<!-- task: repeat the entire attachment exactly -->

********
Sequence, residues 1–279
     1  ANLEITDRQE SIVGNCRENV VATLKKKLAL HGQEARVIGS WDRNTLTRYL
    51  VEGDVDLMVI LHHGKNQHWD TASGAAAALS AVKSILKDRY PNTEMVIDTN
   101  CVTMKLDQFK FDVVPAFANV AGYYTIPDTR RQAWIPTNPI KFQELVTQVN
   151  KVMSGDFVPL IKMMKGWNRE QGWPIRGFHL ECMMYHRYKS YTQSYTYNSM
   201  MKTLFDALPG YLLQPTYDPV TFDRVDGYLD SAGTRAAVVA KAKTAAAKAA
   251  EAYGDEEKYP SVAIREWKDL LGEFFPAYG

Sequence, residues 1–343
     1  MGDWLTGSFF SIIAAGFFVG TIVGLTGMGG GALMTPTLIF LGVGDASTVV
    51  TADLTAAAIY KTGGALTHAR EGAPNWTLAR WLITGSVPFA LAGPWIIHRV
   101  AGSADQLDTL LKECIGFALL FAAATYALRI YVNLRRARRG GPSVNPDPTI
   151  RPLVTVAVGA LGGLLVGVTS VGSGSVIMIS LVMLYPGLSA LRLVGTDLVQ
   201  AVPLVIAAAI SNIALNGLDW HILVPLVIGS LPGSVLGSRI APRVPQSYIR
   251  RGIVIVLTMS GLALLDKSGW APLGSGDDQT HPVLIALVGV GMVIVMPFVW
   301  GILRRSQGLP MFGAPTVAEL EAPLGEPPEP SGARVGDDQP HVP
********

Sequence, residues 1–279
     1  ANLEITDRQE SIVGNCRENV VATLKKKLAL HGQEARVIGS WDRNTLTRYL
    51  VEGDVDLMVI LHHGKNQHWD TASGAAAALS AVKSILKDRY PNTEMVIDTN
   101  CVTMKLDQFK FDVVPAFANV AGYYTIPDTR RQAWIPTNPI KFQELVTQVN
   151  KVMSGDFVPL IKMMKGWNRE QGWPIRGFHL ECMMYHRYKS YTQSYTYNSM
   201  MKTLFDALPG YLLQPTYDPV TFDRVDGYLD SAGTRAAVVA KAKTAAAKAA
   251  EAYGDEEKYP SVAIREWKDL LGEFFPAYG

Sequence, residues 1–343
     1  MGDWLTGSFF SIIAAGFFVG TIVGLTGMGG GALMTPTLIF LGVGDASTVV
    51  TADLTAAAIY KTGGALTHAR EGAPNWTLAR WLITGSVPFA LAGPWIIHRV
   101  AGSADQLDTL LKECIGFALL FAAATYALRI YVNLRRARRG GPSVNPDPTI
   151  RPLVTVAVGA LGGLLVGVTS VGSGSVIMIS LVMLYPGLSA LRLVGTDLVQ
   201  AVPLVIAAAI SNIALNGLDW HILVPLVIGS LPGSVLGSRI APRVPQSYIR
   251  RGIVIVLTMS GLALLDKSGW APLGSGDDQT HPVLIALVGV GMVIVMPFVW
   301  GILRRSQGLP MFGAPTVAEL EAPLGEPPEP SGARVGDDQP HVP